Speakers are selected based on needs.
“We have architects and all the various disciplines of engineers. We now have to start looking at administrative people. This is a technical ministry but administration helps us to execute our jobs.”
She continued, “We’re literally the last line. We have to hold the line. As shaky as it seems that we’re not holding the line, we have to. We are it. When hurricanes come, we make sure emergency crews are out there and clear the road. We are it.
“We are public servants who are dedicated to the public safety of everybody in The Bahamas. This lecture series reminds you of that. It reminds you who you’re working for, how important you are and what your role is. Sometimes you forget because you just do it,” said Ms. Hepburn.
By Kathryn Campbell
Header: The Hon. Desmond Bannister, Minister of Public Works; speaks to staff of the Ministry following a lecture.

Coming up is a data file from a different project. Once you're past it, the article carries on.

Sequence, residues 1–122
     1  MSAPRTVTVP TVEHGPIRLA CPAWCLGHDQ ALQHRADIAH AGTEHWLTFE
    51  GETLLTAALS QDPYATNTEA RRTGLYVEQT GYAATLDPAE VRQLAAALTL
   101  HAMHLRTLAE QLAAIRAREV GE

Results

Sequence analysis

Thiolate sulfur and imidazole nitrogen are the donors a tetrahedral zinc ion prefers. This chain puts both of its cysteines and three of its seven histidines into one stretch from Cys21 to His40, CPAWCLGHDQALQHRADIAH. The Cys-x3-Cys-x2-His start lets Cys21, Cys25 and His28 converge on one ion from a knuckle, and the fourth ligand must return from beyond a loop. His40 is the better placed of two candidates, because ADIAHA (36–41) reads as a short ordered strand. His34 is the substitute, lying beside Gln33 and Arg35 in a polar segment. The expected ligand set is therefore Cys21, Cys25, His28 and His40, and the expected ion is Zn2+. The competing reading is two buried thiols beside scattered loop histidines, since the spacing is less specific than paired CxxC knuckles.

First Insert: Senior Management in the Ministry of Public Works are pictured participating in a lecture. Shown from left: Antoinette Thompson, Acting Permanent Secretary; Minister Bannister; Robert Sweeting, presenter; Melanie Roach, Director. Other staff of the Ministry are also shown.
Second Insert: Robert Sweeting, makes a presentation on Project Hogfish, Bahamian Technology Think Tank during a recent lecture.
Third Insert: The Hon. Desmond Bannister presents Elouise Fernander, Senior Quantity Surveyor, with a gift for her role in the Distinguished Lecture Series.
Fourth Insert: Front row, l-r, seated: Melanie Roach, Director of Public Works; Hon. T. Desmond Bannister; Antoinette Thompson, Permanent Secretary (Acting); Emma Foulkes, Under Secretary. Back row, l-r: Bahiyyah Hepburn, DLS Committee Member; Kristel Moss, DLS Committee Member; Damian Francis, Deputy Director of Public Works; Elouise Fernander, DLS Chairwoman; Nandi Maynard, DLS Committee Member; Jipcho Johnson, DLS Committee Member; Harrison Thompson, DLS Committee Member; Shakera Forbes, DLS Committee Member; Morey Evans, Director of Security; and Maegan Wilson, DLS Committee Member.
BIS Photos/Derek Smith